I’ve already listened to the interview twice this week, and I am quite sure I’ll want to listen to it again. As a writer and someone who has taught a few haiku workshops and would like to teach more, I value their suggestions about what examples to share, how they think and talk about the form, the limits they give their students, and when they bend them. I had thought of haiku and senryu as two broad categories of poetry, but Tom and Arlie break these categories into smaller ones–such as meaningful moments, painful reminders, and things that don’t go together. These categories can be used as prompts, which is how I came to write the senryu above.

In some ways I think haiku is quite different from other poetry, especially in the way that the writer is supposed to get out of the way and allow the reader to have a direct experience. On the other hand I think haiku is poetry distilled to its essence–strong imagery, strong feeling, and an abiding belief in the power of a few, carefully chosen words.

Happy Poetry Friday! Donna JT Smith has the roundup at Mainely Write.

Tired Trees

 

 

 

 

 

 

 

 

 

 

 

 

 

I wrote this cinquain in response to Carol Varsalona’s invitation to contribute to her gallery Autumn Ablaze. Carol’s galleries are always full of gorgeous images and provocative language. Thank you, Carol for your inspiration and for your regular celebrations of poetry, community, and life.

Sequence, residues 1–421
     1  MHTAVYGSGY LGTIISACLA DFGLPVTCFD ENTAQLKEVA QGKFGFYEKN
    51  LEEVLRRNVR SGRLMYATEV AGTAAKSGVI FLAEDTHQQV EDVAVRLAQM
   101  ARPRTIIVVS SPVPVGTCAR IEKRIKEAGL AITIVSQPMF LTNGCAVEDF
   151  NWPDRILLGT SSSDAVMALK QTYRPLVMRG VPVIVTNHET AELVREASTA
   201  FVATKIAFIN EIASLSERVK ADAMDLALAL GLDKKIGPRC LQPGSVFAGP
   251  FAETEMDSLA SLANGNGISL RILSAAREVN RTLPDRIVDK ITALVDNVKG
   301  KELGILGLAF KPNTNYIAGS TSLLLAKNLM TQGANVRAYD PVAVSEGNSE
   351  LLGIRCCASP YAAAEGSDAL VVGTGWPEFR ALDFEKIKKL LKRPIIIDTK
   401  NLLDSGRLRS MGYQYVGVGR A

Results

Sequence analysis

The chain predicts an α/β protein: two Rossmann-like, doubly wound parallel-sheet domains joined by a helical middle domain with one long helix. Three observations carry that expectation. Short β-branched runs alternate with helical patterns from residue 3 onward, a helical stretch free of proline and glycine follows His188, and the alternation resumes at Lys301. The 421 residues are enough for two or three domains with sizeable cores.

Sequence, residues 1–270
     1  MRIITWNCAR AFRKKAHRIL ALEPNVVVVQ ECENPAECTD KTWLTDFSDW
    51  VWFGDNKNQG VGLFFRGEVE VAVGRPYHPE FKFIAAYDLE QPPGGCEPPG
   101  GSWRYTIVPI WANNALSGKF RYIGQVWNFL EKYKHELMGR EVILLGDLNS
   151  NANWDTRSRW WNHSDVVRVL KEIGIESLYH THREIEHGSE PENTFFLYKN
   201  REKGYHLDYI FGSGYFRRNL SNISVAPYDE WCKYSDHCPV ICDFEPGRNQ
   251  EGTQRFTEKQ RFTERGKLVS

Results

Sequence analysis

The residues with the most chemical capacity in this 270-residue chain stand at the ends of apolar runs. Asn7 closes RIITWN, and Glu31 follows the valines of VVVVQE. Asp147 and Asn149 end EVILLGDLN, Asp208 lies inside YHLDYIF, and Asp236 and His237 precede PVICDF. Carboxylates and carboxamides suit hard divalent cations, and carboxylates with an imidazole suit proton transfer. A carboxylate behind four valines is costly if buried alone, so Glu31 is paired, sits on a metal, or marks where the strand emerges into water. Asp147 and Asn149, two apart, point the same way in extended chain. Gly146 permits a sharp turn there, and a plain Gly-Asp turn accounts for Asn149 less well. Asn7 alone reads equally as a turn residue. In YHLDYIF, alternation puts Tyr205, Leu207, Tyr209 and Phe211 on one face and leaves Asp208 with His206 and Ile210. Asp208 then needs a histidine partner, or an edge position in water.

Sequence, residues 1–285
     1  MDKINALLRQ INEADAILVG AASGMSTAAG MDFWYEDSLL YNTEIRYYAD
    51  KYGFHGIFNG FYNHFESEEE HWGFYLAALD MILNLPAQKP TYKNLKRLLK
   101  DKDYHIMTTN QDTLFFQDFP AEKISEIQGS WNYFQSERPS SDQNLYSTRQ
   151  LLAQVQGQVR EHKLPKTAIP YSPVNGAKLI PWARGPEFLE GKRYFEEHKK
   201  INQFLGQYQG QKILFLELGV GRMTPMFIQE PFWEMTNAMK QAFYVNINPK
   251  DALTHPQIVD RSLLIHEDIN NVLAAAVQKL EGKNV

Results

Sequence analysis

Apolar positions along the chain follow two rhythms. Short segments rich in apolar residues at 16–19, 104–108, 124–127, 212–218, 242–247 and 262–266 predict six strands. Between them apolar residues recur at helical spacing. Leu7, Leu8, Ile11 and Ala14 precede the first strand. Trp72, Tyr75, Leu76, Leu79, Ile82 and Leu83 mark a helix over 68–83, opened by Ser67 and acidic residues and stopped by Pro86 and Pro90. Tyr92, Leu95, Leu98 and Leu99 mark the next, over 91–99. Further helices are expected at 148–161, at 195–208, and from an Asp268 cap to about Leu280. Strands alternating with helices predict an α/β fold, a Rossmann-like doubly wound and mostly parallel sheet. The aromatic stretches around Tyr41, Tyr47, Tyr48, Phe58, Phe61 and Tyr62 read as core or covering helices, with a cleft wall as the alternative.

For more Poetry Friday visit Linda at TeacherDance.

Someone

 

 

 

 

 

 

 

 

 

 

 

 

 

Someone

Someone has to.
Someone has to go.
Someone has to go down
in the dark, musty basement.
Someone has to.
Someone has to tip toe
along the concrete floor.
Someone has to.
Someone has to listen
for the quiet, steady snores.
Someone has to.
Someone has to slip aside
the hulking creature’s
big behind.
Someone has to.
Someone has to sidle by
before the giant
roars awake
its eyes alight
with raging flames.
Someone has to.
Someone has to run
for her life
and bring back
a roll of two-ply soft, white
toilet paper.

I’m so happy to be here! I’ve missed you all. Life has been busy and distracting. Thank goodness for Michelle Heidenrich Barnes’ wonderful blog. Her spotlight interview with Carrie Clickard and Carrie’s challenge to write a poem about something that spooked you as a child were just what I needed. Wishing you all a happy Poetry Friday! Leigh Ann has the roundup at A Day in the Life.